Moved by the agony of the old man and the earnestness of his plea, Newton had performed the difficult operation. He had transferred Simon Wright's living brain into a serum-case.
The case stood now on a table beside Newton and his wife. It was a gleaming chromium box a foot square, insulated against shock, heat and cold, and containing a tiny battery that could operate its compact perfusion pump and serum- repurifier for a year.
Set in its sides were the microphones that were Simon Wright's ears. In the front was the resonator by which he spoke, and above that were the two photoelectric lenses of his eyes, mounted on little flexible metal stalks that he could turn in any direction to shift his gaze.
"Where can we find refuge from Kaslan's spies, if not on earth or one of the planets?" he repeated metallically.
"Yes, Roger --- where?" asked Elaine Newton tensely.
Newton went to the window and drew aside the curtain. Outside lay the peaceful, nighted Long Island fields, washed with silver by the effulgent rays of the full moon that was rising in glorious majesty.
The white disk of the great satellite, mottled by its dark mountain-ranges and plains, shone starkly clear in the heavens. Roger Newton pointed up at it, as the girl and the brain watched wonderingly.
"There is our refuge," he said. "Up there, on the moon."
"On the moon?" cried Elaine Newton, her hand going to her throat. "Oh, no, Roger --- it's impossible.'"
"Why impossible?" he countered. "A good interplanetary rocket can make the trip in less than forty eight hours. And we have enough money from my father's estate to buy such a rocket."
"But the moon! Elaine exclaimed, deep repulsion shadowing her eyes. "That savage, barren, airless globe that no one ever visits! How could anyone live there?"
"We can live there quite easily, dear," her young husband replied earnestly. "We shall take with us tools and equipment capable of excavating an underground home, with a glassite ceiling open to the sun and stars. Atomic energy will enable us to heat or cool it as we need, and to transmute rock into hydrogen and oxygen and nitrogen for air and water. And we can take sufficient concentrated food with us to last us indefinitely."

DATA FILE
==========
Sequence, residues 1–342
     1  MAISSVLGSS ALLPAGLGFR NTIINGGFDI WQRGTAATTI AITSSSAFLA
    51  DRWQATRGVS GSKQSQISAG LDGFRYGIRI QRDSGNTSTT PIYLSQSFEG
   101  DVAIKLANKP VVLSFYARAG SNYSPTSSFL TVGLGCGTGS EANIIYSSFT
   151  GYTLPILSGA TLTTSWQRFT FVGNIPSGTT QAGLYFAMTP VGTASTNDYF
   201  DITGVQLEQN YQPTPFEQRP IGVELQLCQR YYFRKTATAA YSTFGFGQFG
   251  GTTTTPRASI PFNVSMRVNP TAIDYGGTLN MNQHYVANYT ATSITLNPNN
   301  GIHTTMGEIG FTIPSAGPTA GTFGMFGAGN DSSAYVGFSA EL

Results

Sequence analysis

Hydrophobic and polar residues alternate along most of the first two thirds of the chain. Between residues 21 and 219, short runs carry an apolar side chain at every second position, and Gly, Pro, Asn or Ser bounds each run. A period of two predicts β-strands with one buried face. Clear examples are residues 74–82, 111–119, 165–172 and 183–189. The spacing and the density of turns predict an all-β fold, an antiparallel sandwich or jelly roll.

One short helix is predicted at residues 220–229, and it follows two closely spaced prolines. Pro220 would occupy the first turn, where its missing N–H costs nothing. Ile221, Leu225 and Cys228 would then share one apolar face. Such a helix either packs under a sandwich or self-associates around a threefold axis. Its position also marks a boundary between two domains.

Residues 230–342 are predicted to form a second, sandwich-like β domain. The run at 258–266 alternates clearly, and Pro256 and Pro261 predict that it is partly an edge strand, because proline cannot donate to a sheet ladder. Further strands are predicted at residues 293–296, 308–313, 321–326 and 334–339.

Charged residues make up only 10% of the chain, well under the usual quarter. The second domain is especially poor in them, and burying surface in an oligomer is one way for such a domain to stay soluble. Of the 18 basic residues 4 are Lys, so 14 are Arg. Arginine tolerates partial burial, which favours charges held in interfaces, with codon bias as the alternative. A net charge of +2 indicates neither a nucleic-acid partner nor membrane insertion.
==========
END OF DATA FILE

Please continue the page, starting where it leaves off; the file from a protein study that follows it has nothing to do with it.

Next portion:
"I believe your plan is good, Roger," said Simon Wright's metallic voice slowly. The brain added, "Kaslan is not likely to think of looking for us on the moon. We can work there in peace, and I feel sure we'll succeed there in creating a living being. Then we can return, and give humanity a new race of servants."
Elaine smiled tremulously, but bravely. "Very well, Roger," she told her husband. "We'll go there, and maybe we'll be as happy on the moon as we have been here on earth."
"We?" echoed the young biologist astoundedly. "But you can't go, Elaine. When I said `we' I meant Simon and myself. You must stay on earth, of course --- you couldn't possibly live on that wild, lonely world."
"Do you think I would let you go there without me?" she cried. "No, if you go, I'm going with you."
"But our child --," he objected distressedly. She cut him short.
"Our child can be born on the moon as well as on earth," she said firmly.
Roger Newton hesitated, torn with anxiety. She saw his doubt, and added a strong argument.
"I couldn't stay here anyway, Roger. Don't you see --- Victor Kaslan would find me and kidnap me, and force you to give up all your scientific discoveries to him as a ransom."
"That is true, Roger," interjected the brain's cold, incisive voice. "We must take Elaine with us."
"If we must, we must," Newton said finally, but his face was deeply troubled as he looked up at the shining disk of the satellite. "It's a terrible place to take anyone you love --- a terrible place for our baby to be born ---"
"I think I'm going to like it there," Elaine declared with forced gayety. "See how beautiful it looks tonight.'"
Simon Wright's photoelectric eyes moved on their stalks to stare up also at the shining moon- disk. Man, woman and living brain gazed up in silence at their strange, distant future home.
Roger Newton was busy in the days that followed. It was necessary to preserve complete secrecy if Kaslan's agents were not to discover their whereabouts and plans. So he bought his rocket through a dummy company, and had it delivered to the lonely old farm by night.
The rocket was one designed for the growing Earth-Mars trade.
It was over a hundred feet long, powered by heavy cyclotrons that converted solid matter into atomic energy which was ejected from rocket-tubes in bow, stern and keel. It had a simplified one- man control, and a large hold amidships to contain supplies to be transported to the Earth's new mining towns on desert Mars.
Into that big hold., Roger Newton crammed equipment and supplies for an indefinite residence on the moon. Simon Wright, from his unparalleled scientific knowledge, dictated the long lists of necessities. Rapidly, as the weeks went by, the secret work of stocking the rocket neared completion. It towered in its launching-pit amid tall, concealing trees, looking a gigantic thing.
Early in September, when their preparations were almost complete, they received an alarm. Elaine reported fearfully that she had glimpsed a stealthy figure slipping away through the shrubbery at dawn. Newton felt instant apprehension that Kaslan's agents had finally found them.